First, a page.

Boatmen and/or backswimmers

LoneWolfArcher

Well-known member
May 29, 2019
258
Michigan
Hey guys. Let me qualify this by saying I live in a rural area. I have a small, slow river meandering through my property. My neighbor has a large pond which is ~500 feet away from my pool. The area around our house is pretty tree free, with a couple of wild areas within 100ft of the pool.

I had a lot of problems last year with boatmen and back swimmers. As my CYA got sky high, and the chlorine's effectiveness dropped, I fought black algae, and I think that attracted boatmen, which in turn attracted backswimmers.

This year, findingTFP, learning, and keeping my chlorine in the target range, I've had no issues with algae. And until a week ago had no boatman or backswimmers. However, my pool is a magnet for bugs. I routinely hand skim a lot of them. So I think this has attracted backswimmers. I can't tell difference very well between boatmen or backswimmers. But I assume they are backswimmers because my CC has remained at .5 or zero.My water is crystal clear. I've kept my FC no less than 10ppm (I am still lowering my CYA, currently ~120, over time due to water issues and not being able to drain and fill).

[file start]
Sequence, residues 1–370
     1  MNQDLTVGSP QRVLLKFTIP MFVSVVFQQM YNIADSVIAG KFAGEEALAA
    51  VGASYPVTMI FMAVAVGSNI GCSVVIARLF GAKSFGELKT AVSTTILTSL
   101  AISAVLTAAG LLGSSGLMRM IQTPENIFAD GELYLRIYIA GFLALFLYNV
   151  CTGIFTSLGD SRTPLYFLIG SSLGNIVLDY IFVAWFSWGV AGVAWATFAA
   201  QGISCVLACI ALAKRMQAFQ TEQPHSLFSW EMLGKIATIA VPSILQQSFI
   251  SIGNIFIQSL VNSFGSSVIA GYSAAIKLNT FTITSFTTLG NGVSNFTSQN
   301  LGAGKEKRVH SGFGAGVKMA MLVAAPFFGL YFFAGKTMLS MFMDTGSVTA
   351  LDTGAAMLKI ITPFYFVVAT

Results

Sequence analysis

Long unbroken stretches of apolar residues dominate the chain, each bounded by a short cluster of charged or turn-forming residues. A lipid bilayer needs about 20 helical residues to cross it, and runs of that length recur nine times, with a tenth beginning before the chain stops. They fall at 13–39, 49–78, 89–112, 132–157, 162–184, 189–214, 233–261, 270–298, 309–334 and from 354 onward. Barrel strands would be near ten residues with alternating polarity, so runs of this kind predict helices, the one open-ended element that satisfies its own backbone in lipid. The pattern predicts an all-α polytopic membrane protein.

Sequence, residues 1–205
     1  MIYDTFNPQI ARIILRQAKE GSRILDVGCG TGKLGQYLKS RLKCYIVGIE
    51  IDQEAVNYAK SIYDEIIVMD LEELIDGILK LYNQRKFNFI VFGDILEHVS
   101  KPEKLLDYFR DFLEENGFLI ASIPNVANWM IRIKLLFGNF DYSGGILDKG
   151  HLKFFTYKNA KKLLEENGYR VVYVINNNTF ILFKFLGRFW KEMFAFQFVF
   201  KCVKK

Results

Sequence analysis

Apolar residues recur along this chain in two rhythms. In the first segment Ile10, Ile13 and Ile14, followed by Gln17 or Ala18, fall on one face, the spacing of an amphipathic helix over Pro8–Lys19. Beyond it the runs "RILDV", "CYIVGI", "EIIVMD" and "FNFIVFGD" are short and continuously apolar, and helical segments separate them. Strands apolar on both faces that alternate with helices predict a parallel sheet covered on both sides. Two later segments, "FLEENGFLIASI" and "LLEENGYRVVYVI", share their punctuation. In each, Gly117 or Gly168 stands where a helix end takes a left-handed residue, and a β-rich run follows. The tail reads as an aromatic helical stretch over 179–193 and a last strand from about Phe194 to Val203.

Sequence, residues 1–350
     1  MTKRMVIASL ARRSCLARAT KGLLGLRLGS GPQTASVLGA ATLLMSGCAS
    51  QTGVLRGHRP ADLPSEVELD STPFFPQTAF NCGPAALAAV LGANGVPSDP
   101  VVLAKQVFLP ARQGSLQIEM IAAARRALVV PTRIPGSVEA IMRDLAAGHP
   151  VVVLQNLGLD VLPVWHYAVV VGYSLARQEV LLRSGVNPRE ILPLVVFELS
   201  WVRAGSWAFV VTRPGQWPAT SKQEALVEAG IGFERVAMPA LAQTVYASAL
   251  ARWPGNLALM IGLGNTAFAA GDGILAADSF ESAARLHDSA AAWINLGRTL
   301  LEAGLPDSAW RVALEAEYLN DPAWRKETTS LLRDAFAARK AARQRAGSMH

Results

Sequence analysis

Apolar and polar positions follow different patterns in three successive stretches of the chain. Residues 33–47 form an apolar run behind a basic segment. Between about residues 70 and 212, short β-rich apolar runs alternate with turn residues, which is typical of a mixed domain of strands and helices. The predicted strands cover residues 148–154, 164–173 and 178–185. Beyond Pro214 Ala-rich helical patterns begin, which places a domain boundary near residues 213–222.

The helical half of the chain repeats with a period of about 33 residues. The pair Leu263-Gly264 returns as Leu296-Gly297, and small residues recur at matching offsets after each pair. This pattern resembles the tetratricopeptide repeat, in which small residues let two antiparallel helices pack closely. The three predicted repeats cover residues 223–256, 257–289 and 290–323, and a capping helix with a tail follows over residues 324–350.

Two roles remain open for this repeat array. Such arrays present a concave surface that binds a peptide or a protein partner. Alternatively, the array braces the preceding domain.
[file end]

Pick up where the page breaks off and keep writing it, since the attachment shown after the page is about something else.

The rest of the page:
The only thing I can think of is that the other bugs attract the backswimmers. I had been skimming out 2-3 backswimmers each evening for about the last week, and squishing them. On Tuesday, I pulled about 6 out, and killed them. Last evening there were none. I know the pool attracts other bug eaters (spiders, toads and frogs), so I think that is what I am dealing with.

I know I've read a lot of threads, and other than skimming and squashing there isn't a whole lot you can do. I guess some algeacides will kill them (the kind that leave a film on top of the water, but I am leery of that approach since I do not want copper in my water. Other than building a building over my pool, any other thoughts?
 

mguzzy

Well-known member
Jul 8, 2015
482
OV, CA
With a river and a pond in the near vicinity and a rural setting, I'm betting your pool is just another body of water in the local aquatic biome. Critters will migrate where they can. I don't think there will be a way to keep the bugs out of your pool short of building a screen around the whole thing.
 
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DorsalSpine

Silver Supporter
Jul 8, 2013
458
Columbus, Ohio